Nebraska Gov. Pillen faces national criticism after dismissing reporter by country of origin
Flatwater Free Press blasted Gov. Jim Pillen in a Tuesday column; Pillen has not responded to numerous requests for comment or an apology
Gov. Jim Pillen is facing national criticism for comments dismissing reporting by Yanqi Xu of the Flatwater Free Press into nitrate levels at Pillen Family Farms. (Photos by Zach Wendling/Nebraska Examiner and courtesy of Joseph Saaid for Flatwater Free Press)
Editor’s note: This article has been updated to include comments from The Asian American Foundation.
LINCOLN — Nebraska Gov. Jim Pillen is facing national criticism after he dismissed a nonprofit newsroom’s investigative reporter in September based on her country of origin.
In September, 1110 KFAB radio’s Gary Sadlemyer asked Pillen if he had any comment on a Flatwater Free Press investigation by reporter Yanqi Xu into Pillen Family Farms — owned by the governor’s family — that detailed how 16 Pillen hog farms recorded nitrate levels more than five times higher than what is considered safe to drink.
“Number one, I didn’t read it. And I won’t,” Pillen told Sadlemyer. “Number two, all you got to do is look at the author. The author is from communist China. What more do you need to know?”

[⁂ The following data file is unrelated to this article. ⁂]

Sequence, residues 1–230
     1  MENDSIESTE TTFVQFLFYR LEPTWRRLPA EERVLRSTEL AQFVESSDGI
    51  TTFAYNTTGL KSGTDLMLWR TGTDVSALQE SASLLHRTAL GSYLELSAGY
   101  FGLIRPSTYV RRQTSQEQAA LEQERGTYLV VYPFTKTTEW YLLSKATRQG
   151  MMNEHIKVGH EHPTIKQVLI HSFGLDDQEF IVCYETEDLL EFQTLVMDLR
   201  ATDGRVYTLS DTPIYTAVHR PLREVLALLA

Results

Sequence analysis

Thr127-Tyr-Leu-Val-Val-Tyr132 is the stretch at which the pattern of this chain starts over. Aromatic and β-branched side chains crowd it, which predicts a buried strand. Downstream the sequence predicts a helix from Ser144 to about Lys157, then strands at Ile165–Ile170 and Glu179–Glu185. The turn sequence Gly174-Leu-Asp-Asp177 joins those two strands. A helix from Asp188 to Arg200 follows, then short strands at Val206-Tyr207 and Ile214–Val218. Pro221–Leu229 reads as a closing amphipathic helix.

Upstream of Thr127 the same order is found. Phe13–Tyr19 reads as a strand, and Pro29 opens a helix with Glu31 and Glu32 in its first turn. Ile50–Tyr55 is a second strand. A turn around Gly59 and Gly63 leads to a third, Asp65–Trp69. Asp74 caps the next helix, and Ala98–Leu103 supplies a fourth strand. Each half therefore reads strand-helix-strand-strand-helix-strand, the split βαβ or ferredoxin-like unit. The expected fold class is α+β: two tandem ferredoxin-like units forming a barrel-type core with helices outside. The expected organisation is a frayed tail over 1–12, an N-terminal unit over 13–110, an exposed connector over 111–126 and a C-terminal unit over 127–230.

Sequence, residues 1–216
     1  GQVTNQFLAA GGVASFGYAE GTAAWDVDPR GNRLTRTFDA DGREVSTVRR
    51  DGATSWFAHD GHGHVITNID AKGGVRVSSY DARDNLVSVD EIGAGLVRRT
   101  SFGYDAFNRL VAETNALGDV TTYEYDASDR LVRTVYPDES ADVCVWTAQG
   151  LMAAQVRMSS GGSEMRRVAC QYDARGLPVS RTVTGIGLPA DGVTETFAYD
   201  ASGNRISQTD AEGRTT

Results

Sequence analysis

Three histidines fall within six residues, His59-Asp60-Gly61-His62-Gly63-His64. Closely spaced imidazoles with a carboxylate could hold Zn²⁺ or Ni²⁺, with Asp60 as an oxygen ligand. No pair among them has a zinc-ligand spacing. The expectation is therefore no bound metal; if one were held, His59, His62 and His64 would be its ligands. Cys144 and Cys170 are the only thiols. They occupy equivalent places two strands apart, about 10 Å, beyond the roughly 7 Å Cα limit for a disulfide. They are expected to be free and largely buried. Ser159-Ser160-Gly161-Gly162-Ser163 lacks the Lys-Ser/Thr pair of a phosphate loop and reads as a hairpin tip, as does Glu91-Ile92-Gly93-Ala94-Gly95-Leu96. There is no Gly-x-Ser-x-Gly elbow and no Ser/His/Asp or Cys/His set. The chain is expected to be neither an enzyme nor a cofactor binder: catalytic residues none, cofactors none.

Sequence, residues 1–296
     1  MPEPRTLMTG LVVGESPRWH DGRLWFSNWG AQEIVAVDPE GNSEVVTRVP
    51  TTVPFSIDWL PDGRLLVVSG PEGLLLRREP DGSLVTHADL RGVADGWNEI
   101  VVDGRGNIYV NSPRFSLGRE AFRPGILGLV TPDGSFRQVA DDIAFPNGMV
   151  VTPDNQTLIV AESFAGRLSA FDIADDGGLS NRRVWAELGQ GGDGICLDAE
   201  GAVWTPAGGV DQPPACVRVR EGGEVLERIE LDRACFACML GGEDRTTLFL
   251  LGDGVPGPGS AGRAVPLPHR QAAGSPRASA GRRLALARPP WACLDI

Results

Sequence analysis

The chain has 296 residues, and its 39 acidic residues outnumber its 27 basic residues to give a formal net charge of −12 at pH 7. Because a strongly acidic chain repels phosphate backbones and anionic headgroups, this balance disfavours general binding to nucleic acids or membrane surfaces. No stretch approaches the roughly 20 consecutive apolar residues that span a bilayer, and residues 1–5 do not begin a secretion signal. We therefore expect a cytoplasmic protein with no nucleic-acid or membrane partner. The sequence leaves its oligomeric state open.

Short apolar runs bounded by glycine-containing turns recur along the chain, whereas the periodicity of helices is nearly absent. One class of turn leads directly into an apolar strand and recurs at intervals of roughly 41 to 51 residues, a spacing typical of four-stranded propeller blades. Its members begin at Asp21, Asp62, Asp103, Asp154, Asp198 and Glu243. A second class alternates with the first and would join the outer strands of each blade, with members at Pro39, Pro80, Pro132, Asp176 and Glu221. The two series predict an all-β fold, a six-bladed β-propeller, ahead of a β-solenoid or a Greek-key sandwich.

Matt Wynn, executive director of the Nebraska Journalism Trust that launched and funds Flatwater, fired back at Pillen in a Tuesday column. He called Pillen’s comments infuriating and dead wrong and that yes, there is much more to know than where Xu is from.
Wynn described taking time to respond to Pillen, in part because the U.S. government recently awarded Xu a visa reserved for those with “extraordinary ability.” Those in the news media are used to criticism, he added, and they often question their own reporting, biases, facts and sources.
“Had Governor Pillen spoken to the facts Yanqi found, I wouldn’t be writing this now,” Wynn wrote. “Elected officials deserve the chance to respond to findings. We offered every opportunity for him to do so before we ran the story. He declined them all.”
Radio silence from Pillen